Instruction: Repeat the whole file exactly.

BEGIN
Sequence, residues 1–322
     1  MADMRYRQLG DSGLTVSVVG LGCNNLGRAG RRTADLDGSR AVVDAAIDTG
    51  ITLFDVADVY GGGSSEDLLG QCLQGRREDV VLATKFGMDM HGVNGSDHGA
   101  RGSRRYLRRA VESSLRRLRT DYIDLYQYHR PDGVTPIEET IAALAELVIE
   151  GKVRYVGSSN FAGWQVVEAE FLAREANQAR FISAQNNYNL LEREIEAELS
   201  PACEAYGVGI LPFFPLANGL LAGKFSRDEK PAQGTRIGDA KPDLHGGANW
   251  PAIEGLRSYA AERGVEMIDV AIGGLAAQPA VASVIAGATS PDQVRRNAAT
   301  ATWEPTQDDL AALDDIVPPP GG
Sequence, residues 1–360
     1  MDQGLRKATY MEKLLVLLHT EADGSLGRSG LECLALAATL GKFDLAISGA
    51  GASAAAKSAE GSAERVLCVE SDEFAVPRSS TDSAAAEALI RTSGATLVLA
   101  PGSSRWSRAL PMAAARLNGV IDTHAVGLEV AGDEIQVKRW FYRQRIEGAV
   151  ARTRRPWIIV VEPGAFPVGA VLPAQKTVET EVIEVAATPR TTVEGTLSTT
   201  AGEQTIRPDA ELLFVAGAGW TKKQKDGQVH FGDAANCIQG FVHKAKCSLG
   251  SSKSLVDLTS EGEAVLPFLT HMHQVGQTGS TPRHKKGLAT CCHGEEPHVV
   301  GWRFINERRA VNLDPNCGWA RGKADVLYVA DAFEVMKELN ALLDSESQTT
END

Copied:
Sequence, residues 1–322
     1  MADMRYRQLG DSGLTVSVVG LGCNNLGRAG RRTADLDGSR AVVDAAIDTG
    51  ITLFDVADVY GGGSSEDLLG QCLQGRREDV VLATKFGMDM HGVNGSDHGA
   101  RGSRRYLRRA VESSLRRLRT DYIDLYQYHR PDGVTPIEET IAALAELVIE
   151  GKVRYVGSSN FAGWQVVEAE FLAREANQAR FISAQNNYNL LEREIEAELS
   201  PACEAYGVGI LPFFPLANGL LAGKFSRDEK PAQGTRIGDA KPDLHGGANW
   251  PAIEGLRSYA AERGVEMIDV AIGGLAAQPA VASVIAGATS PDQVRRNAAT
   301  ATWEPTQDDL AALDDIVPPP GG
Sequence, residues 1–360
     1  MDQGLRKATY MEKLLVLLHT EADGSLGRSG LECLALAATL GKFDLAISGA
    51  GASAAAKSAE GSAERVLCVE SDEFAVPRSS TDSAAAEALI RTSGATLVLA
   101  PGSSRWSRAL PMAAARLNGV IDTHAVGLEV AGDEIQVKRW FYRQRIEGAV
   151  ARTRRPWIIV VEPGAFPVGA VLPAQKTVET EVIEVAATPR TTVEGTLSTT
   201  AGEQTIRPDA ELLFVAGAGW TKKQKDGQVH FGDAANCIQG FVHKAKCSLG
   251  SSKSLVDLTS EGEAVLPFLT HMHQVGQTGS TPRHKKGLAT CCHGEEPHVV
   301  GWRFINERRA VNLDPNCGWA RGKADVLYVA DAFEVMKELN ALLDSESQTT